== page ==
"This isn't a reply to the rule changes," Mark Webber insisted yesterday – but it certainly looked that way here as the winner of the 2010 British Grand Prix and his championship-leading team-mate, Sebastian Vettel, wrapped up the front row of the grid for today's race.
The moment the rain arrived to frustrate everyone's hopes of making their second runs in the final qualifying session was the first time that Red Bull's team principal, Christian Horner, and technical guru, Adrian Newey had cracked smiles all day.
The reason for that was because it was a day that started with a remarkable volte-face by the race director, Charlie Whiting, which had at a stroke taken away Thursday's special dispensation granted to the Renault-engined teams – such as Red Bull – to run off-throttle blown diffuser settings that allowed them 50 per cent gas flow for "reliability" reasons while all of their rivals were limited to only 10 per cent.
"We're not looking to reply to anything," Webber stressed. "What has to be reiterated is that our team has turned up very, very early and left very, very late. Every team works hard, but this team works incredibly hard.
"We're still going OK, but irrespective of lap times it's an interpretation of rules and principles. It is not a comeback from what we had today."
Webber said of his pole-winning lap of 1min 30.399sec that pushed Vettel across the front row of the grid: "I've always enjoyed driving here, but you still have to put it all together. You don't get these results without applying yourself.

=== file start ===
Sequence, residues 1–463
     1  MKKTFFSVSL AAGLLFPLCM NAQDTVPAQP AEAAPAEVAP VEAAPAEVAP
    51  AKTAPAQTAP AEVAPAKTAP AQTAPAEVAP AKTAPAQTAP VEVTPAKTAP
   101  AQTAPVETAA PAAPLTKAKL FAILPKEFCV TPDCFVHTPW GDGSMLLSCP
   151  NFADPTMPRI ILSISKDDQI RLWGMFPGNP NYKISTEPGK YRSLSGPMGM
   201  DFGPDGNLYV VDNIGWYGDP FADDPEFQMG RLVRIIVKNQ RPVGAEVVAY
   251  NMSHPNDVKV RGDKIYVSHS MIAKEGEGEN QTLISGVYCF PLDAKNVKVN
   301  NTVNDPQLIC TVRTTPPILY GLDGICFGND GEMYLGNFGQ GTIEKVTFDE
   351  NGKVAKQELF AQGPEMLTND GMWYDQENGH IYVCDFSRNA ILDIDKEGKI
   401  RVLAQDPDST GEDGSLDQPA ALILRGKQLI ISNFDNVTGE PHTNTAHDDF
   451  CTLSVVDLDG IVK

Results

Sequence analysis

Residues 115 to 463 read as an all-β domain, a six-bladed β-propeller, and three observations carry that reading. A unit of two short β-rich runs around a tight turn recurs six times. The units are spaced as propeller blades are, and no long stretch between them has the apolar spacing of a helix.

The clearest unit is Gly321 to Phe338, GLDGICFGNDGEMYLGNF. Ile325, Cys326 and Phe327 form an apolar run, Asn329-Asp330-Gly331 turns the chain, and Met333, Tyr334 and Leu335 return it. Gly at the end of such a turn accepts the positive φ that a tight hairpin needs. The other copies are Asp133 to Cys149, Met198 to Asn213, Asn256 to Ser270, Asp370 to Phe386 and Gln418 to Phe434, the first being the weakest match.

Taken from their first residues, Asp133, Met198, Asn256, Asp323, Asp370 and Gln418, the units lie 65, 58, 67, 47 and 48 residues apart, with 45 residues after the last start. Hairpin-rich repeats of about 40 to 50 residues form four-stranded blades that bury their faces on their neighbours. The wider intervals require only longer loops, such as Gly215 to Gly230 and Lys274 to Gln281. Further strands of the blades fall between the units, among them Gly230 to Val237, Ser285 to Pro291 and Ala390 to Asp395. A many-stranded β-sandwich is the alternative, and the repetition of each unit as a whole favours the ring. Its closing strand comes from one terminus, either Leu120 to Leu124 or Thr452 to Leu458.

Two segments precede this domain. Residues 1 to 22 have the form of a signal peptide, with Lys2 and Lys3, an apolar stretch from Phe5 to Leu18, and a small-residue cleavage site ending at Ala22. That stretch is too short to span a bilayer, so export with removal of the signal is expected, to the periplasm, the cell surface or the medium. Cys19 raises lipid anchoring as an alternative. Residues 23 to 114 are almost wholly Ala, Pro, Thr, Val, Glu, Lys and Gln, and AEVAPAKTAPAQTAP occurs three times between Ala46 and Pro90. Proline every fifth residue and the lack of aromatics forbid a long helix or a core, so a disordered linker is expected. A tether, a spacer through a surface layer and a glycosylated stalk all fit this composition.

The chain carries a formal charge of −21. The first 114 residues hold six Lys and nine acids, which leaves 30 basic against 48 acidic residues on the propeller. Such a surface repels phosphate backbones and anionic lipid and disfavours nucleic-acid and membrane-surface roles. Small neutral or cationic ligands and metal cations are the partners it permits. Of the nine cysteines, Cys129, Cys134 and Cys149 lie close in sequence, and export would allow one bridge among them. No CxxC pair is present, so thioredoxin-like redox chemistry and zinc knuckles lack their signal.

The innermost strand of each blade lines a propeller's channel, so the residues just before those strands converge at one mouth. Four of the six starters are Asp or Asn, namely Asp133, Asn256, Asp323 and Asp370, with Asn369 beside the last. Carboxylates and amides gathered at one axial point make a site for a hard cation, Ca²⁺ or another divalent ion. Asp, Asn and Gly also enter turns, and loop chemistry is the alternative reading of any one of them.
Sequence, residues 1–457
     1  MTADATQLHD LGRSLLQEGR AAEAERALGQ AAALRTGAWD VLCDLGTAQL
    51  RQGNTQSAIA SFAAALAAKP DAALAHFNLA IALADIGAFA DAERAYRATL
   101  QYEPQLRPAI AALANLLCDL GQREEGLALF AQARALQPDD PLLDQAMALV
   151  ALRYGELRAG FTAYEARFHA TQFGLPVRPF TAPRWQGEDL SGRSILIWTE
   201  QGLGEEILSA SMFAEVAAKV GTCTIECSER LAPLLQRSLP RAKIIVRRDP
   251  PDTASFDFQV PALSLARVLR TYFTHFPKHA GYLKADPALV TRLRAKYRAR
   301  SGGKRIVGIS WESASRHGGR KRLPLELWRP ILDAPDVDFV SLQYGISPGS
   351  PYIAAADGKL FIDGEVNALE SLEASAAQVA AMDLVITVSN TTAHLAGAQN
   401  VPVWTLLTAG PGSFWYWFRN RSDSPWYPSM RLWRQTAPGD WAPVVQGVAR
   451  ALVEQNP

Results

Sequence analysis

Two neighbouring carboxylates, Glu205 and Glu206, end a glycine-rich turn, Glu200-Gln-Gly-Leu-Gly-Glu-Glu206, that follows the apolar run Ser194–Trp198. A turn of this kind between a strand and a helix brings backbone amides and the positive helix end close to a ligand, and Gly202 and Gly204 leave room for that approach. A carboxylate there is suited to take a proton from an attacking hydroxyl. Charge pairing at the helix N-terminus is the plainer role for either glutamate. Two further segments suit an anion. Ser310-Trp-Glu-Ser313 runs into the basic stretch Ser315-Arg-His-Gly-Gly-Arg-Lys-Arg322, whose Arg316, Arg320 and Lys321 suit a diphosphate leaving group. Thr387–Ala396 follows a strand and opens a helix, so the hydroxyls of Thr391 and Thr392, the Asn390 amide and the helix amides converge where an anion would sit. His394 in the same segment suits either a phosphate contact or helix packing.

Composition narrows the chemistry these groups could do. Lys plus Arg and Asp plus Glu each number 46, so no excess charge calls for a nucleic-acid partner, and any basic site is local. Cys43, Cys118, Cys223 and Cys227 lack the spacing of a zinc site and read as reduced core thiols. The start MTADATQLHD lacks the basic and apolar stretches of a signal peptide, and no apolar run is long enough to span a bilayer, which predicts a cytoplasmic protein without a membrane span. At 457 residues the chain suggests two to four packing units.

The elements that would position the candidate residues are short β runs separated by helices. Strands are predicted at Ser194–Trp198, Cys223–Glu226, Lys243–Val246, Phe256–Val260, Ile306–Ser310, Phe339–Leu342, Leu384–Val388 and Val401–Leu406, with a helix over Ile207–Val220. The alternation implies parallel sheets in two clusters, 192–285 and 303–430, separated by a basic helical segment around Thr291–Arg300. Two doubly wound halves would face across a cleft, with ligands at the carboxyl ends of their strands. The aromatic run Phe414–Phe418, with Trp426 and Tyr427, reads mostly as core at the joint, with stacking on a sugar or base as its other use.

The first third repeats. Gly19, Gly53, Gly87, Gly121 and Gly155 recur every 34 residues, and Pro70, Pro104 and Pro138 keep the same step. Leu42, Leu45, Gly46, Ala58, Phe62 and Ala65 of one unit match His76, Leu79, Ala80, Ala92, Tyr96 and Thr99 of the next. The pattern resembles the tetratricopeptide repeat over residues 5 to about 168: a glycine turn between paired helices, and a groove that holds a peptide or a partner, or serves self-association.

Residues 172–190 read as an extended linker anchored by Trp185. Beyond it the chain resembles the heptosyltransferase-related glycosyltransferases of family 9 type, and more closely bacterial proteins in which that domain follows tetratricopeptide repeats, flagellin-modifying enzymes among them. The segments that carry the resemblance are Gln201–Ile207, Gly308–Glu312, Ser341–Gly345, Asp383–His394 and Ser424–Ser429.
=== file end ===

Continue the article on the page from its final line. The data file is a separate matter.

"It was a very mixed session for all of us, even in the build-up with yesterday's rain. It was important to make sure every lap counted, as you never knew if it was going to be the one that counted for your main grid position – so even in Q2 you had to make sure you weren't caught out.
"In the end I'm happy with the job we did. It's easy toslip up in conditions like that from a logistical point of view and also from the driver's perspective."
Vettel was also happy with the way he had handled the changeable weather conditions. "It was a difficult session," he said. "I think when it starts to rain here it can be [falling] on different parts of the circuit, so it's quite difficult to see where it's wet and where it's fine, so you rely on the out lap or the previous lap.
"If you go flat out and hit a damp area, it's very easy to go off. It's a shame we couldn't get the second run in Q3, I would have loved to have challenged Mark again, but he got agood lap..."
Elsewhere, other disgruntled team owners viewed the huge gap between Red Bull and rivals such as McLaren, which had opened rather than closed despite the change in technical regulations, and one said: "Nobody knows what anyone else is doing. The whole point of F1 going to a standard engine control unit [ECU] was so that things that have been outlawed, such as traction control, could be monitored. But now, halfway through a season, the FIA have introduced a rule which is virtually impossible to police. It makes absolutely no sense."
Fernando Alonso lapped his Ferrari within a tenth of the Red Bulls and lined himself up to be their strongest challenger on a day when McLaren failed dismally. Jenson Button starts fifth, Lewis Hamilton 10th, both of them a very long way off the pace. But for Button's late effort, it would have been the Scottish rookie Paul di Resta who lined up as the leading British driver.
Celebrating a superb performance in front of his home fans in the Force India Mercedes-powered car, the 25-year-old Midlothian said: "I'm really happy with the result. To be here for my first British Grand Prix and to be starting in sixth place feels great. I think in the worst-case scenario I would have ended up in eighth, so hopefully I can come away with a strong result."